3. What is your favorite amusement park ride?
I used to love roller coasters, but they scare me now.  As I tell my kids, real life is scary enough, so why do I want to scare myself more?  I can’t stand anything that goes in circles because it makes me sick, so that knocks out a lot of possibilities.  So I will go with water rides, specifically the River Rampage at Dollywood.
4. What’s on your summer reading list?
I don’t have a list, but I do have a stack.  There is always a stack.
booksThe stack has actually grown a lot since that picture was taken.  And I can’t tell you what is in it, except that Emily really wants me to read the Grisha Trilogy, so I guess I will comply.
5. Have you ever fallen asleep in public?
Constantly.  I always fall asleep at the symphony.  ALWAYS.  It’s embarrassing.  I fall asleep at Mass during the homily if I’m tired.  But I can sleep sitting straight up so I hope Father does not notice, especially since we sit in the second row.
6. What is your favorite smell?
Honeysuckle on May evenings.  Barbecue smoking in the Fall.  A certain cologne my husband wears that reminds me of when we first fell in love.
094 honeysuckle closeup
And there you have it!  If you want to read the other responses, or play along yourself, click here.

He's Baaaaack

There is another laundry basket in the hallway.
I have to check the waistbands of all the jeans and boxer shorts for sizes before I put them away.
Another car is jockeying for position in front of the house.
I am cooking more meat than usual.
We needed a second pew on Sunday.
The t.v. has been on during the day.
My grocery list last night included peanut butter, protein powder, Gatorade powder, and three dozen eggs.
Teddy’s home for the summer. 🙂

THEO
Picture taken by a school friend of Teddy’s

Hey It's Good to Be Back Home Again . . .

. . . after ten days away! (about which much more later, I hope!)
The last time we went to Baltimore, our house burned down.  So I think we were all a little nervous and were happy to come home to this:

Two of three kitties have yet to put in an appearance, though, so say some prayers that they come home soon. (Yes, we had someone caring for them while we were gone.)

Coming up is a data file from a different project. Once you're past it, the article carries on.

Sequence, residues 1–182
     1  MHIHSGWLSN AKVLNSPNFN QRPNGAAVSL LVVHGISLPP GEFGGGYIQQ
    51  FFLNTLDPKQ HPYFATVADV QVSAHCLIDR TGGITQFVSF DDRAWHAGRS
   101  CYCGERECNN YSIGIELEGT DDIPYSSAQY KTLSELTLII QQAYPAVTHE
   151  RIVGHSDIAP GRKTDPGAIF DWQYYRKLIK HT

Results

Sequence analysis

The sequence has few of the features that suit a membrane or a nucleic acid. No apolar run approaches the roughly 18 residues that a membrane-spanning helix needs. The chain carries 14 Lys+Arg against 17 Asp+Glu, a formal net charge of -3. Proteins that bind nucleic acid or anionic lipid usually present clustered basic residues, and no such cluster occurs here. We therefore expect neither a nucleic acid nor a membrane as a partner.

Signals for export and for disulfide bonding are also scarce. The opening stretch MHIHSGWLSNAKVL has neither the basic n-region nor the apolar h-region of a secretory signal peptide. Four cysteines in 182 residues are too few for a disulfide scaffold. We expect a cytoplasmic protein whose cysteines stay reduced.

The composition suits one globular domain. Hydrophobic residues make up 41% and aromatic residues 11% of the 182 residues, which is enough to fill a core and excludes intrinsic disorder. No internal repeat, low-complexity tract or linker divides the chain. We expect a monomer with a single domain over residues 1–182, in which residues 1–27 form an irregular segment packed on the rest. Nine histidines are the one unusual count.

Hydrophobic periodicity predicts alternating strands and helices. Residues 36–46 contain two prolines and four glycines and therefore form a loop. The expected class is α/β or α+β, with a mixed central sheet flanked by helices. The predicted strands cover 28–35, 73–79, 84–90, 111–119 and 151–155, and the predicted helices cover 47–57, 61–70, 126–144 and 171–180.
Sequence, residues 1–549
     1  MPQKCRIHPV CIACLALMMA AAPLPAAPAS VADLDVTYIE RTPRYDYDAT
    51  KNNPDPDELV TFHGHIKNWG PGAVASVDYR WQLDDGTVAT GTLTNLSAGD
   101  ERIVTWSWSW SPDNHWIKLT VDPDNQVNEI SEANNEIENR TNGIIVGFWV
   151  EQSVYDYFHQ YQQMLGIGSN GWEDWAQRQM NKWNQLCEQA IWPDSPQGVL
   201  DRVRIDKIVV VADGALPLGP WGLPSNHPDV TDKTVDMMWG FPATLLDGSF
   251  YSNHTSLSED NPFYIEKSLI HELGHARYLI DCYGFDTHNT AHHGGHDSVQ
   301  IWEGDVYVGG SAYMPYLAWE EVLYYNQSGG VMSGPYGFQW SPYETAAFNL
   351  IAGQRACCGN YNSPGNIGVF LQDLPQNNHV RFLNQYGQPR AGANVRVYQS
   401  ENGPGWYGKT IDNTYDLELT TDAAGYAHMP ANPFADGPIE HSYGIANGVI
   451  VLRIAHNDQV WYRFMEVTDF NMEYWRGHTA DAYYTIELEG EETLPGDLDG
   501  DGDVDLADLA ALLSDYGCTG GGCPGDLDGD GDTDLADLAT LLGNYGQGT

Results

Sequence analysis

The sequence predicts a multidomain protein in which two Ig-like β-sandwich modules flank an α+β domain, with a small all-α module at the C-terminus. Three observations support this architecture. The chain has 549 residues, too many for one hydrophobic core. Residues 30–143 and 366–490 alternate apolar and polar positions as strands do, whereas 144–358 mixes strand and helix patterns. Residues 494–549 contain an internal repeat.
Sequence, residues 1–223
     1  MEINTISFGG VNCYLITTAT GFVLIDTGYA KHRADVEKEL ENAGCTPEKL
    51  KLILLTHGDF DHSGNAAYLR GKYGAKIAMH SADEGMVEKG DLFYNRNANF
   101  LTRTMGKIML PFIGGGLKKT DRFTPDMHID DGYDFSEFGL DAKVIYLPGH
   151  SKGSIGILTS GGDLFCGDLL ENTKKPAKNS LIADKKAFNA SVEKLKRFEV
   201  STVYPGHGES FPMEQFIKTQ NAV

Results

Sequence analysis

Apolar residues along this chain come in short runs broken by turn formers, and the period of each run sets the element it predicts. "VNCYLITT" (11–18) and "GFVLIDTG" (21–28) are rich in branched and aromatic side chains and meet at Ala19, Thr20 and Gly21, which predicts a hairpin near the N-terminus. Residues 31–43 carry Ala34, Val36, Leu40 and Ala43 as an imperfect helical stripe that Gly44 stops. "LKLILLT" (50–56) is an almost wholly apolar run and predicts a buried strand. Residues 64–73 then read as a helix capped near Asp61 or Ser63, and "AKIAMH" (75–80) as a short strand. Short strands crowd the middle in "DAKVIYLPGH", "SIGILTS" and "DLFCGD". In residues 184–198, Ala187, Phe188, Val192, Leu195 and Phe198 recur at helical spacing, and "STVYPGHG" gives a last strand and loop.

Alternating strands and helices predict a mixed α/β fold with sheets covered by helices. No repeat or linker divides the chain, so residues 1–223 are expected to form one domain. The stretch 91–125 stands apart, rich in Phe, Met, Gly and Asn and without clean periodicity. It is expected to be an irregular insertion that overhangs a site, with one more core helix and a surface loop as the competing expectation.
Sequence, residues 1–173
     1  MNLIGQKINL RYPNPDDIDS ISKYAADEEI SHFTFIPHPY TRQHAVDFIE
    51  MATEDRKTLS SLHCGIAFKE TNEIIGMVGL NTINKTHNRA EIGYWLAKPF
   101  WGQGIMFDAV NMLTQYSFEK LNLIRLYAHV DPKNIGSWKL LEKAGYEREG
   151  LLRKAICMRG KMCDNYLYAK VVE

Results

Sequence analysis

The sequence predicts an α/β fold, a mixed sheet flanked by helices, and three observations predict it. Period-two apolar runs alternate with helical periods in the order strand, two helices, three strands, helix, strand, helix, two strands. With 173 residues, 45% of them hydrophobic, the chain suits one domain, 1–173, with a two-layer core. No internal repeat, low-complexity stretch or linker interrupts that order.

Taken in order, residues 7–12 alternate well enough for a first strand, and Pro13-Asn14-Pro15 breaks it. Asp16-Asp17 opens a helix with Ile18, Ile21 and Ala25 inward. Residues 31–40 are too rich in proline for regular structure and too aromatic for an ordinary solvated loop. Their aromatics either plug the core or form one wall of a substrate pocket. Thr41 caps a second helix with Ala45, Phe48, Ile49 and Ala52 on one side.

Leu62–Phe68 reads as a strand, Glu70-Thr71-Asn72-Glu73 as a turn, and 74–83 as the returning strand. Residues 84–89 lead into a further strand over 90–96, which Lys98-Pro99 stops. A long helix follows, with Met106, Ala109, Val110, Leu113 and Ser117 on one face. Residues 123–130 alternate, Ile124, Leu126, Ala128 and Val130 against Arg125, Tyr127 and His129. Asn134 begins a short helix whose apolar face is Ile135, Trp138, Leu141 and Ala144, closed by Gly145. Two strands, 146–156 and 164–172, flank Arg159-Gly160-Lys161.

The primary purpose of this trip was to look at colleges for Teddy, a rising senior, and I will write more about that in another post.  This made for a lot of driving and hotel changes and being at places at certain times, which made this a less relaxing trip than last year’s.  It was the kind of vacation you need to recover from.
We started last Saturday and drove straight to Baltimore, arriving too late to do anything more than crash.  We made two changes in our usual vacation protocol this year, two expensive but necessary changes:  we drove two cars and booked three rooms.  For years, John and I have shared a room with the little people while the three big kids stayed together. This time, Emily shared with the kids, Jake and Teddy were together, and John and I were blessedly alone until the last couple of days when we took William off Emily’s hands to give her a much-needed break.
We have a minivan that seats seven, but with the size of our boys, the amount of stuff we needed to bring (and knowing we would be acquiring more before we came home) and the fact that some members of our family are irritable while others are irritating, we had Teddy drive his car as well.  So the big kids followed us and Teddy did a spectacular job of driving in unfamiliar and challenging territory.
So last Sunday we indulged ourselves in our hotel’s outdoor pool for a few hours before heading to John’s mother’s house.  We visited for awhile then went out for crabs.